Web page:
And then we use that new-found understanding to treat people better . . . to be more supportive and empathetic . . . to help others recognize their own biases…to vote in ways that are best for all our countrymen and not just those who look like us . . . to remove the ugly stain that’s been keeping America from being truly great.

Some of you might be thinking to yourself, “I don’t actually have any Black friends and family, or even neighbors or coworkers. Why does it matter?” It matters a lot. Whether your ancestors were good people or misguided or not even here yet, our country will eventually implode if we don’t address our history. We can’t make good decisions based on falsehoods, or become the best versions of ourselves.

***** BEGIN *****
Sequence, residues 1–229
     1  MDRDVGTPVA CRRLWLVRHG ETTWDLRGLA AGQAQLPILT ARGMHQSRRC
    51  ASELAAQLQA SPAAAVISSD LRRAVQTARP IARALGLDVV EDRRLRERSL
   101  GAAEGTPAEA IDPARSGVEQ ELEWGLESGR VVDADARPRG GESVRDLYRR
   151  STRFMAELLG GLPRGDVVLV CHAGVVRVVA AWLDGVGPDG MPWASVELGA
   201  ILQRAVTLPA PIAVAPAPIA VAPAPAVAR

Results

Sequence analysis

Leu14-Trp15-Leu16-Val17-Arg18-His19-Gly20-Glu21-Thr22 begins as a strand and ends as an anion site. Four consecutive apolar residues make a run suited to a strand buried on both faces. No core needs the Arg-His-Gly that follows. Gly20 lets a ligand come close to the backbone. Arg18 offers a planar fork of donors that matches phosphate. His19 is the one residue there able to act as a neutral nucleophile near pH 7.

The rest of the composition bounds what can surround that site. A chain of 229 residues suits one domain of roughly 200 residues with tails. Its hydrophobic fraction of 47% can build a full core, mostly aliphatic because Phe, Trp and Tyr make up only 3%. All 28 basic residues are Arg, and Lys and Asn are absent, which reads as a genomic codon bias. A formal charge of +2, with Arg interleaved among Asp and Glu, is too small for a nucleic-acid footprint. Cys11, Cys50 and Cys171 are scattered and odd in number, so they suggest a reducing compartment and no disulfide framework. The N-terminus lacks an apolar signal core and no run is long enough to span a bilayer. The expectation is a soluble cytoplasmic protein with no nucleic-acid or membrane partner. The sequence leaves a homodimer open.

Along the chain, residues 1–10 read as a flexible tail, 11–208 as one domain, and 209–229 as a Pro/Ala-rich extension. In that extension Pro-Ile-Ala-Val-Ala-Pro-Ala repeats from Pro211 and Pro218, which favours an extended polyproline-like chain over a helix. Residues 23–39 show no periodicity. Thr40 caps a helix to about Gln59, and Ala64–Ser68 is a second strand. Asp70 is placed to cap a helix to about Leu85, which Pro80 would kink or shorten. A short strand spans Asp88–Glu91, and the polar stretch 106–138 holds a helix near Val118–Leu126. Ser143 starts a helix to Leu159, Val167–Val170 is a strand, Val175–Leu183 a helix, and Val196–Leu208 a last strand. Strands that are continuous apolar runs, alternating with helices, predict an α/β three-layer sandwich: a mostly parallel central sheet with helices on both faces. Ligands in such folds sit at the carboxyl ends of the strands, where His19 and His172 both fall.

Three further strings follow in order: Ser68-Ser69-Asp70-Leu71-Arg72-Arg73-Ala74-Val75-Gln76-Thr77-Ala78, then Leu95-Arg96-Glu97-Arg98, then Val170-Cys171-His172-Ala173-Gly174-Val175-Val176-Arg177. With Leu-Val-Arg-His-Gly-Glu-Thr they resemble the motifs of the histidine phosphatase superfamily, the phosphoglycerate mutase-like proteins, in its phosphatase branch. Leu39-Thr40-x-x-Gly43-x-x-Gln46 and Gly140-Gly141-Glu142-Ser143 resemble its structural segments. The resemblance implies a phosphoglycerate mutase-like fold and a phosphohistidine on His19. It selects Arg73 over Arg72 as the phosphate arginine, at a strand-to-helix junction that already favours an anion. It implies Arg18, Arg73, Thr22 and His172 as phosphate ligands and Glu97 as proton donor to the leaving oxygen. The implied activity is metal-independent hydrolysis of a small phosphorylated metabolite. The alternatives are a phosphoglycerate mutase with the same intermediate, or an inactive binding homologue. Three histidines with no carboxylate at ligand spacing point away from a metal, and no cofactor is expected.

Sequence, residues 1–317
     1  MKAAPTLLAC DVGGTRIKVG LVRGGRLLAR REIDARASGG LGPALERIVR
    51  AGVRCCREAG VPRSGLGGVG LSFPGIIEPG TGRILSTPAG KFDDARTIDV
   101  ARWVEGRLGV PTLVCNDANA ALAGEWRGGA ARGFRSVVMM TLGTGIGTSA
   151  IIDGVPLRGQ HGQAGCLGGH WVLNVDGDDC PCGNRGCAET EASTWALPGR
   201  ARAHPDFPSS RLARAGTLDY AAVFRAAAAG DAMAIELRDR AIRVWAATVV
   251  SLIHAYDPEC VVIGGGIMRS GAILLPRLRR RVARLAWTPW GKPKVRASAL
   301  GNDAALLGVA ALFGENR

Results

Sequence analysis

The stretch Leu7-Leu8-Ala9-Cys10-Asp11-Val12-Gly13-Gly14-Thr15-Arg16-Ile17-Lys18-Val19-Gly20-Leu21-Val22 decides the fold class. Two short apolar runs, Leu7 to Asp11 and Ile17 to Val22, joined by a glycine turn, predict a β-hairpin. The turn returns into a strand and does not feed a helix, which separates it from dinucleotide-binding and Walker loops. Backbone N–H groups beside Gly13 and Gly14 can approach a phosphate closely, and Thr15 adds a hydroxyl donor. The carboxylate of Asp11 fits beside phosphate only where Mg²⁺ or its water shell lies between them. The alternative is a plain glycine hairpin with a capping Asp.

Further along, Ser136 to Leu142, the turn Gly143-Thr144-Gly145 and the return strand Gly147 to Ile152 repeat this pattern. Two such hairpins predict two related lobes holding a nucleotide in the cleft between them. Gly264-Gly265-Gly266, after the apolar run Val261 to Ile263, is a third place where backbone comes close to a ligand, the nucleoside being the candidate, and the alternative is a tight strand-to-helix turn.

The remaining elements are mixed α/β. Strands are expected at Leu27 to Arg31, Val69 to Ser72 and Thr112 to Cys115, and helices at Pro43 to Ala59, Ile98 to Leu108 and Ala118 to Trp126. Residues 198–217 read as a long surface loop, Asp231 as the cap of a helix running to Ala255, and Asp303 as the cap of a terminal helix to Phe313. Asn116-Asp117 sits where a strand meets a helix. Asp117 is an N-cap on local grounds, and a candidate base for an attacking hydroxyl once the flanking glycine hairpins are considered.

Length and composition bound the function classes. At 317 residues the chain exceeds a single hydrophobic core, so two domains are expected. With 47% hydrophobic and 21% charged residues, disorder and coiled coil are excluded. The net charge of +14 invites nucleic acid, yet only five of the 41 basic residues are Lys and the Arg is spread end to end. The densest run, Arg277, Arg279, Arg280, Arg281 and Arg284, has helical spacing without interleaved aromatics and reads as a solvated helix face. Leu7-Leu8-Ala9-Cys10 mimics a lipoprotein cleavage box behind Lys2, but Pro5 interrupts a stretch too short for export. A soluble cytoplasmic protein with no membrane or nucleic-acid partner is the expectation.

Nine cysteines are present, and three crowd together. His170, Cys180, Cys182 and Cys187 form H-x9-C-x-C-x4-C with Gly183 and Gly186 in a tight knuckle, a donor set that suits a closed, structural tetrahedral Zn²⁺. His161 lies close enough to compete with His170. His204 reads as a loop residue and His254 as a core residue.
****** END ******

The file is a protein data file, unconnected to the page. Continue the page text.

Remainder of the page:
This is not a “Black problem.” White people created race and racism, we (collectively) got rich off it, we’ve perpetuated it, and we continue to benefit from it. It is our problem to solve. And more than that, we’re the only group with the power and the numbers to solve it. So let’s stop worrying about how bad it looks to be called a racist, and start worrying about how we can eradicate it.

Love one another.

Sherry Kappel
OHF Weekly Managing Editor


Gun Violence in America, the NRA, and Racism

How did we reach this point where mass shootings have become commonplace? Those of us who are older remember a time long before Columbine, when school shootings were simply unheard of. What changed? As with so many of our nation’s shortcomings, it begins with racism.

By Glenn Rocess

Photo by Karolina Grabowska. Pexels.com.